From my archives …
Spiritual author Henry Nouwen writes:
“When suddenly you seem to lose all you thought you had gained, do not despair. Your healing is not a straight line. You must expect setbacks and regressions. Don’t say to yourself, “All is lost. I have to start all over again.” This is not true. What you have gained, you have gained.
“Sometimes little things build up and make you lose ground for a moment. Fatigue, a seemingly cold remark, someone’s inability to hear you, someone’s innocent forgetfulness, which feels like rejection–when all these come together, they can make you feel as if you are right back where you started. But try to think about it instead as being pulled off the road for awhile. When you return to the road, you return to the place where you left it, not to where you started.”
That’s so important to remember: Whenever we start to slip and lose ground, we aren’t sent back to the starting line. No way. We’ve made too much progress to be dumped back there in the garbage pit. We’ve just lost a few inches.
I struggle with this often, especially as I’m surfacing from a depressive cycle. I have two good days followed by a day where I’m back to counting the hours until bedtime, repeating four of my favorite mantras: “I am okay.” “I am enough.” “Peace.” “I wish I hadn’t stopped drinking.”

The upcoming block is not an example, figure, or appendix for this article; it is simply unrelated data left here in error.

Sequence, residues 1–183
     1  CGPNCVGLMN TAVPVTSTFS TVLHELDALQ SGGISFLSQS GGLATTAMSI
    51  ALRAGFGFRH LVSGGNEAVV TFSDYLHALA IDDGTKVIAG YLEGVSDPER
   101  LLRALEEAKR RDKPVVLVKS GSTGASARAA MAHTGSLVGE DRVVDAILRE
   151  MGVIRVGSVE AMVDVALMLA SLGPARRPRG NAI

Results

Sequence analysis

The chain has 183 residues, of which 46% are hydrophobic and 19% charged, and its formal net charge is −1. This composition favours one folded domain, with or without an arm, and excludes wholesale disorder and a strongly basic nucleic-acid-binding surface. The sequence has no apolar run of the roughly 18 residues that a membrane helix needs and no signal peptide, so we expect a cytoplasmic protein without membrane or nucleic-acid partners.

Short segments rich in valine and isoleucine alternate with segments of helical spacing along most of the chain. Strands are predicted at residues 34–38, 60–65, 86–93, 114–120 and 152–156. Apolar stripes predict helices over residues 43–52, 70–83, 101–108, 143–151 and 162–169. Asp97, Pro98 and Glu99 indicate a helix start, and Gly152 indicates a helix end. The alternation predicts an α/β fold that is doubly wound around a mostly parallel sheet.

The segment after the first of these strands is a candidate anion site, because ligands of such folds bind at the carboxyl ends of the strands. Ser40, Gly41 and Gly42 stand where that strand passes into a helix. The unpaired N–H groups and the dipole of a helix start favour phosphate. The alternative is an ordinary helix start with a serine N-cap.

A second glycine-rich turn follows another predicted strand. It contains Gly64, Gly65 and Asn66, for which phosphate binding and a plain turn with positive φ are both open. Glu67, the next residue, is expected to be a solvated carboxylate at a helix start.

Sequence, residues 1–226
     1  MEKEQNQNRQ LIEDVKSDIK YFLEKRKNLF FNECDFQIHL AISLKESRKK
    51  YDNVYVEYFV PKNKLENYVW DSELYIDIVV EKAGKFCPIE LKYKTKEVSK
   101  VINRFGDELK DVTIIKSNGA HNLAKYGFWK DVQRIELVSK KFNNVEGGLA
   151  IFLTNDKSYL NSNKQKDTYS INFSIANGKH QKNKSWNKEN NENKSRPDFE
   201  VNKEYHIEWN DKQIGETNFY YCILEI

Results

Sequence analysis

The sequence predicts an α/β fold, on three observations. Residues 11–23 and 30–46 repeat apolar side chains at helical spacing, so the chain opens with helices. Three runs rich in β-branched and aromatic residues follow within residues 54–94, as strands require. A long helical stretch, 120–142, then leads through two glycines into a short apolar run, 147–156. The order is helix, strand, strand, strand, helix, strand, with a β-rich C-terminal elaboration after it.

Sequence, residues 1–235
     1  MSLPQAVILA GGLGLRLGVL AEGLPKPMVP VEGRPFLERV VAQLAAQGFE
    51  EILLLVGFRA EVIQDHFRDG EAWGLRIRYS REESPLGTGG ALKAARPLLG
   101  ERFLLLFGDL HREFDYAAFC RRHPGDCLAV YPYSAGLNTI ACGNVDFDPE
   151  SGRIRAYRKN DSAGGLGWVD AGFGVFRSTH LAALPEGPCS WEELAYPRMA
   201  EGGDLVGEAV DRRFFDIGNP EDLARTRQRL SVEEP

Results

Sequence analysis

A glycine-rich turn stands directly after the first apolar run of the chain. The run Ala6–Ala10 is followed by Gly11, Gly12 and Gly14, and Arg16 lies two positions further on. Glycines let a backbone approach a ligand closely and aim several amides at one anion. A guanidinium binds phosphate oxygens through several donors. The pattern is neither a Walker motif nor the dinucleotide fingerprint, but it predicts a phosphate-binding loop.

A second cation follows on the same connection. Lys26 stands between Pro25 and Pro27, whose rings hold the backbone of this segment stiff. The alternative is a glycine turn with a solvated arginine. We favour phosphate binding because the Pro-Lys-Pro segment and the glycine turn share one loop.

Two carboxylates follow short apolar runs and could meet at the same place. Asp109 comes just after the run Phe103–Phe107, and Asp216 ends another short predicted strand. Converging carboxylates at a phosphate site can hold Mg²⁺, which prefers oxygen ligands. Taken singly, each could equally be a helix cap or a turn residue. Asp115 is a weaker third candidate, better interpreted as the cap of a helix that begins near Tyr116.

I can clearly see the progress in my friends when something like a relapse happens. Like the one who lost her husband a year and a half again. The other day she felt the same heart pangs or intensity of grief as she did those first days as a widow.
“I’m back at the beginning,” she said to me.
“No you’re not,” I said. “You haven’t called me in tears for over four months. Do you realize that? Frankly, I’m surprised you haven’t had more bad days like this. You just feel like it’s the beginning because, compared to how good you’ve been feeling for the last few months, it is a huge disappointment. But you’re not at the starting line. Nowhere even close.”
Today I’m reminding myself of the same thing.
All of my boundaries have ditched me for a party somewhere I’m not invited. My discipline applied for a foreign-exchange program abroad and has been gone for the last month. And my happy cap got eaten by the dog, with all the other clothes he’s managed to chew up.
But I have to remember in this backslide that I’ve only taken two steps back, not 1,000 meters. Even though, to my mind, it feels the same.